Bread, bananas, apple juice or, for example, cake, foods that are very popular with many people, especially children, and are often on the menu every day. Are these foods dangerous?
Many healthy foods contain certain amounts of alcohol either for natural reasons, for example through the formation of alcohol during ripening or preparation, or due to the addition of alcohol-containing substances. The amount of alcohol consumed in healthy foods such as bread, bananas or grape juice is so low that it is completely safe for both children and adults.
How is alcohol created in natural, healthy foods such as bread, bananas or apple juice?
Alcohol is created through alcoholic fermentation. This takes place in fresh fruit or after bottling through the action of yeast on the fructose. Accordingly, there are 6 grams of alcohol per kg in fruit, for example fully ripe bananas, or alcohol in fruit juices and other fruit products. Natural fruit juices contain up to 3 grams of alcohol per liter, grape juice even contains up to 10 grams of alcohol per liter. Alcohol can also be produced during bread making. For example, when loosening dough using yeast. Normal mixed bread contains between two to four grams of alcohol per kg. And of course certain amounts of alcohol are produced during lactic acid fermentation. That’s why sourdough bread, sauerkraut and kefir also contain alcohol. Traces of alcohol are also used as a carrier in the production of flavors.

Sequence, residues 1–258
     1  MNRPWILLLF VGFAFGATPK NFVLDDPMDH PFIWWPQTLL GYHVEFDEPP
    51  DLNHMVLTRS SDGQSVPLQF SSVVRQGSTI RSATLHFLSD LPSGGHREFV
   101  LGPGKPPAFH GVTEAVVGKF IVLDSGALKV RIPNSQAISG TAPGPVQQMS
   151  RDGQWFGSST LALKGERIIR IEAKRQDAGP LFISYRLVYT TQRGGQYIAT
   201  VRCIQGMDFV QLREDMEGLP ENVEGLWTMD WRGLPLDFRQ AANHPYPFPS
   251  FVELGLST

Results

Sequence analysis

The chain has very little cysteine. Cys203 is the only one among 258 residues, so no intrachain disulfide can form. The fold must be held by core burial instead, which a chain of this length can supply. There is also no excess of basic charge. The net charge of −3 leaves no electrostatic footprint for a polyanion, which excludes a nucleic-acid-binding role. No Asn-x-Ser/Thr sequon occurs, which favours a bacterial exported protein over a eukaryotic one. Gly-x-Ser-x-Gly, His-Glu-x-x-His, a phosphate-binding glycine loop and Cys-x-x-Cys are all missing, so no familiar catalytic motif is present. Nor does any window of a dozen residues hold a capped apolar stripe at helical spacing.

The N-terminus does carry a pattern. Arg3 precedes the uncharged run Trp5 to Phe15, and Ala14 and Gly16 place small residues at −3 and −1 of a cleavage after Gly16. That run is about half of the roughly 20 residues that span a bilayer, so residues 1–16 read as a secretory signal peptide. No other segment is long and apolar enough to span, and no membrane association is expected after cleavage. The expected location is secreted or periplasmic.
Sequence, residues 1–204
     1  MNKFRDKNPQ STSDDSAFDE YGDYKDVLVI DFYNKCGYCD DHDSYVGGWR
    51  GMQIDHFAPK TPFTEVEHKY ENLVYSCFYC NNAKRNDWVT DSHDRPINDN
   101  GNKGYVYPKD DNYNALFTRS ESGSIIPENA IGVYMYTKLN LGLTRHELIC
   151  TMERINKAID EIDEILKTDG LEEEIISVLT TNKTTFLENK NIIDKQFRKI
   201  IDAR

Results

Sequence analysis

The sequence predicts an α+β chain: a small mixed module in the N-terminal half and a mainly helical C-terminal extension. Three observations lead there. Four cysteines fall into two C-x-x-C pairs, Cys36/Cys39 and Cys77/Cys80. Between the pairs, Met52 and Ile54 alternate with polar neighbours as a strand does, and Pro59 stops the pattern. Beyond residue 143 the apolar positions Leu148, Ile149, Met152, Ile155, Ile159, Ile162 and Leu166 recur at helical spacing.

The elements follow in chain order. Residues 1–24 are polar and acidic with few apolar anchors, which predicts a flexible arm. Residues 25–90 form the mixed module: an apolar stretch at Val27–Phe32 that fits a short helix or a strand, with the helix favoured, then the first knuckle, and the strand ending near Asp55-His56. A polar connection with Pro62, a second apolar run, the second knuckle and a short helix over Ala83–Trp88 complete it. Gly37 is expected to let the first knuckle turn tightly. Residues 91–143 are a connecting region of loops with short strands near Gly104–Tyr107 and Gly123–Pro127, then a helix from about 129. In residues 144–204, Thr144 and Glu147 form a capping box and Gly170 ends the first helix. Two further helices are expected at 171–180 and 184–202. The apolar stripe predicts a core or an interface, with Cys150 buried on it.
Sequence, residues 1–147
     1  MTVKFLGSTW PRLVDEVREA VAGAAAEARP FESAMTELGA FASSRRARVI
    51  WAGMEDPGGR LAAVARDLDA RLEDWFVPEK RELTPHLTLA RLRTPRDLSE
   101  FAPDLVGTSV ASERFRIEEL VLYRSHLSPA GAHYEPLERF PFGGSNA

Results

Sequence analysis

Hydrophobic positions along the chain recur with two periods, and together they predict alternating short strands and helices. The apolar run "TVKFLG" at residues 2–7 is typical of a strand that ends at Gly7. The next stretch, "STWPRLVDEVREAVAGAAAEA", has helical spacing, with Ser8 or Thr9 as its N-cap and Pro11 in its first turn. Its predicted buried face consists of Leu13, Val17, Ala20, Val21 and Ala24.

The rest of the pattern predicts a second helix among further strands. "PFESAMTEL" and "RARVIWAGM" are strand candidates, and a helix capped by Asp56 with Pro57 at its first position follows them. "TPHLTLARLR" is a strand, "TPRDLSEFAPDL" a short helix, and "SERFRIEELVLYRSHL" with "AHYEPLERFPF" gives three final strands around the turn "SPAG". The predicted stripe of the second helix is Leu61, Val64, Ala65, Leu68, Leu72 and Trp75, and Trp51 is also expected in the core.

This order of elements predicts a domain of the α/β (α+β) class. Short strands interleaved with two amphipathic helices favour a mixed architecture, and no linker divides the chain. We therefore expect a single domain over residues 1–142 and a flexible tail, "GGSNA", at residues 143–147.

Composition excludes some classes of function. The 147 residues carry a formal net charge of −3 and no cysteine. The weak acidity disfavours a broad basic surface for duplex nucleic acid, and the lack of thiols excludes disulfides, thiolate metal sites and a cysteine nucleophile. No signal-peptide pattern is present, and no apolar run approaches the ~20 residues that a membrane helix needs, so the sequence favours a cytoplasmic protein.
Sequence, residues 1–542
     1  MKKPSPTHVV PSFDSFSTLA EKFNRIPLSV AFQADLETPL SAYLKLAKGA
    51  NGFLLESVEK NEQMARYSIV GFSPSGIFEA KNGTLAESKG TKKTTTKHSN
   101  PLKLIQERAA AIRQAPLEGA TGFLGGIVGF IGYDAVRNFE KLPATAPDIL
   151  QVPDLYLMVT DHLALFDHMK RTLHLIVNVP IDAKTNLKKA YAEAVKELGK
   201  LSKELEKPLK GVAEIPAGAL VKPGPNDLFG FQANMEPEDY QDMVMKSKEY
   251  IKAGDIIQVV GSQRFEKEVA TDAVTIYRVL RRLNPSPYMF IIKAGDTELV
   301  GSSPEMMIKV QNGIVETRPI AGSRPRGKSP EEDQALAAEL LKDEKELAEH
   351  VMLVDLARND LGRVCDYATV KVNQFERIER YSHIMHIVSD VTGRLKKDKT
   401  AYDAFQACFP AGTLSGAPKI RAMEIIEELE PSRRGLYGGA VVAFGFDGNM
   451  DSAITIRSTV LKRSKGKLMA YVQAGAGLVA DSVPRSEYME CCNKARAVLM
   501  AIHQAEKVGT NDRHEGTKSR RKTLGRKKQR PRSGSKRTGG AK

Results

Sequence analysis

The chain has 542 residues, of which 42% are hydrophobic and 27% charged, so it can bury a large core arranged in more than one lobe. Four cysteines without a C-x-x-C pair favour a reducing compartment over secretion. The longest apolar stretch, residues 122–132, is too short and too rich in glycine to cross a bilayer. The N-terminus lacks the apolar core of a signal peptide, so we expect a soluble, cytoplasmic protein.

Foods with alcohol
Alcohol g/liter or g/kg (mg) per serving Grape juice ~ 4.0 g/l 800 mg Apple juice ~ 2.0 g/l 400 mg Grapefruit ~ 1.0 g/kg 200 mg White bread ~ 2.0 g /kg 100 mg rye bread ~ 3.0 g/kg 150 mg kefir ~ 5.0 g/kg 1000 mg sauerkraut ~ 5.0 g/kg 1000 mg
Is alcohol safe in these quantities, even for children?
The nutrition report from the German Nutrition Society (DGE) states that children between the ages of four and thirteen consume an average of 0.2 percent of their total calories through alcohol. This amount of alcohol is mainly absorbed through the natural alcohol content in undoubtedly healthy foods such as bananas, bread or apple juice. In the entire paediatrics literature, no case is known to date in which the amount of alcohol consumed through these foods has caused health damage. It is therefore still true that increased consumption of these carbohydrate-rich foods is recommended, both for children and adults. By the way, the human body produces certain amounts of alcohol through metabolism.
Does increased consumption of these alcohol-containing foods lead to habituation to alcohol?
The assumption that eating foods with an alcoholic smell or taste in childhood makes it easier to get used to higher-proof alcohol later in life cannot be proven. This connection exists for alcoholic drinks such as beer, wine or schnapps, but not for foods that have a very low alcohol content. The threshold for detecting alcohol in baked goods is between three and seven grams per liter or kg, depending on how they are prepared. With all foods that contain less alcohol, the alcohol is undetectable. This prevents habituation and any kind of health risk.
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